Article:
Nakasatsunai Test Course near Kasai, Hokkaido

Occasionally, Japanese media are also taken to the Kenbuchi facility to experience new models or technologies and this year, for the first time, Mazda invited media from ASEAN countries to Kenbuchi as well. And in typical Japanese fashion, Mazda staff thank the people of the town by inviting local residents to a community event at the grounds every year.

During the rest of the year, the area is open to the public and the only evidence of it being a Mazda facility are a few signboards and buildings that are locked up. When winter comes, barriers are set up at the few entry points and some of the roads are blocked off by snow that is not removed, creating natural barriers. There’s no fencing like in other test courses but it is unlikely that the public will care to wander around in the freezing cold. Even the animals in the forest hibernate and the people at the facility say they have foxes dropping by and have found evidence of bears in the area.

The difference in conditions between summer (left) and winter (right).
The roads around the facility are actually public roads that go through a forest area. During a few months in winter, they are closed to the public when Mazda has its activities.

Although to most people, winter conditions are the same every year, where vehicle testing is concerned, the conditions must be kept as identical as possible all the time so that meaningful comparisons can be made. For example, the nature of the ice and snow has to be the same and from what we were told, the conditions in the past used to be more consistent with temperatures consistently falling to -20 and -30 degrees C. However, with the effects of increasing climate change during the past decade, less snow seems to have been falling and maintaining the surfaces in the same condition every day has been a challenge. There’s a close watch on temperatures throughout the day and when it becomes ‘warmer’ than -2 degrees C., the driving tests are suspended.

The snow and ice also cause damage to the roads so they have to be regularly repaired but this is usually done during the summer months. Nevertheless, it is also such conditions that Mazda wants because they are the sort of real conditions drivers will encounter. While there are bulldozers and snow-ploughs to clear push snow aside daily, the slippery surfaces can be unpredictable and the effectiveness of safety systems becomes crucial in avoiding accidents.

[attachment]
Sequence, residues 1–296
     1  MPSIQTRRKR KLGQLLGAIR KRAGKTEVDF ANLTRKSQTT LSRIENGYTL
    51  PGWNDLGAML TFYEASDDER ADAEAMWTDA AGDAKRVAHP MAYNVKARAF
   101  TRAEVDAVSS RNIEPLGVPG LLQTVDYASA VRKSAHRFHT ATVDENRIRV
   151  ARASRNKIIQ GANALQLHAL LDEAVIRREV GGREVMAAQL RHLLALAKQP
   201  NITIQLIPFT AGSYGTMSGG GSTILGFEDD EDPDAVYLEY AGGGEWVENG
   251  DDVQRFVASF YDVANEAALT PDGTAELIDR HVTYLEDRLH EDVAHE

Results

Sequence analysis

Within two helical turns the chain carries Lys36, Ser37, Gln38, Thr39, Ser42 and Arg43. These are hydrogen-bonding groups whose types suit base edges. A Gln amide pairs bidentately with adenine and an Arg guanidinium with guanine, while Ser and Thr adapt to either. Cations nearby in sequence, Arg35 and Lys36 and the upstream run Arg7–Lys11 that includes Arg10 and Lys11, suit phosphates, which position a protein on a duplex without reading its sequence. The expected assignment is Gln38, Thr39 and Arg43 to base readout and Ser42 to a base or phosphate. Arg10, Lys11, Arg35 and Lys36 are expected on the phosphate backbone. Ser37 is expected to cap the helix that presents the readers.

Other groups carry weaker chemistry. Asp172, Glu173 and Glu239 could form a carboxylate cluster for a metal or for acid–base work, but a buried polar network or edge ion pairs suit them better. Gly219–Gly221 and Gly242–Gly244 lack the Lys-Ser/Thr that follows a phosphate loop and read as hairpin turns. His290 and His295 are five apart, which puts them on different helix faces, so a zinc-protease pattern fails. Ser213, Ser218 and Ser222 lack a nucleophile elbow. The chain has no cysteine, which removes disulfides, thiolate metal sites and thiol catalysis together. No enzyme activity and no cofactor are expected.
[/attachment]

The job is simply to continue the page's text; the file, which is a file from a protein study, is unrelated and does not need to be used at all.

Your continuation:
These machines are used daily to clear the roads of snow.

While the main work at Kenbuchi is to test vehicles in winter conditions, the slippery low-friction surfaces also make it easier to develop and test active safety systems that prevent skidding. In the ‘perfect’ conditions of most test tracks, speeds have to be high and the surface covered with water to create slippery conditions for evaluating systems like ABS, DSC, etc but on snow and ice, the tyres will lose their grip at even slow speeds and the car will go into a spin.

The risks are lower for the test-drivers but accidents can still happen because the surfaces are really very slippery. Once a car has lost traction – even if it has AWD – it can be very difficult to regain grip and the only thing is to hope you don’t hit something. The snowbanks are okay… except that there can be walls or a signpost hidden in them!

Other activities at the facility include testing of climate control systems, tyres, effects of extremely low temperatures on various parts, the performance of sensors (radar, laser and camera), and also advanced driver training for Mazda personnel.

Besides development of advanced systems like Mazda i-ACTIV AWD for the CX models, tyres and other systems like the heated seats and steering wheel are also tested at Kenbuchi.

The work done at Kenbuchi also helps Mazda engineers to ensure that every model’s driving character has jinba-ittai (the driver’s unity with the car), which is especially important in winter conditions when the driver must have a good feel of what is happening. The development of systems that provide safer driving in such extreme conditions also benefit us in Malaysia. We may not have snow and ice but the wet roads also reduce grip and the braking and handling tuned for winter conditions will still be very useful.

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[Chips Yap]